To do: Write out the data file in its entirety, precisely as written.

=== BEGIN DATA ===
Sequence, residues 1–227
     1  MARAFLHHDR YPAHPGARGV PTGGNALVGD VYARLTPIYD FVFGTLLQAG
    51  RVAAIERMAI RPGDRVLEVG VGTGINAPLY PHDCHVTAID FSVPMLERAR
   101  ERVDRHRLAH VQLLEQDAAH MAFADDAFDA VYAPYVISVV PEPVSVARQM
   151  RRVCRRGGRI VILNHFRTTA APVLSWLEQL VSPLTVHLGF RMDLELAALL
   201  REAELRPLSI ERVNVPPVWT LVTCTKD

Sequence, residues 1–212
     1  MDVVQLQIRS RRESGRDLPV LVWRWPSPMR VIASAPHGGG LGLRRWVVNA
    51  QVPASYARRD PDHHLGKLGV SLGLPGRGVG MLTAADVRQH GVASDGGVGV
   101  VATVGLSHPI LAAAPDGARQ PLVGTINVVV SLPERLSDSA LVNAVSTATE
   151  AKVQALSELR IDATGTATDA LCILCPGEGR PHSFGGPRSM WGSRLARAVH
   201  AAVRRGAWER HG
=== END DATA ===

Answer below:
Sequence, residues 1–227
     1  MARAFLHHDR YPAHPGARGV PTGGNALVGD VYARLTPIYD FVFGTLLQAG
    51  RVAAIERMAI RPGDRVLEVG VGTGINAPLY PHDCHVTAID FSVPMLERAR
   101  ERVDRHRLAH VQLLEQDAAH MAFADDAFDA VYAPYVISVV PEPVSVARQM
   151  RRVCRRGGRI VILNHFRTTA APVLSWLEQL VSPLTVHLGF RMDLELAALL
   201  REAELRPLSI ERVNVPPVWT LVTCTKD

Sequence, residues 1–212
     1  MDVVQLQIRS RRESGRDLPV LVWRWPSPMR VIASAPHGGG LGLRRWVVNA
    51  QVPASYARRD PDHHLGKLGV SLGLPGRGVG MLTAADVRQH GVASDGGVGV
   101  VATVGLSHPI LAAAPDGARQ PLVGTINVVV SLPERLSDSA LVNAVSTATE
   151  AKVQALSELR IDATGTATDA LCILCPGEGR PHSFGGPRSM WGSRLARAVH
   201  AAVRRGAWER HG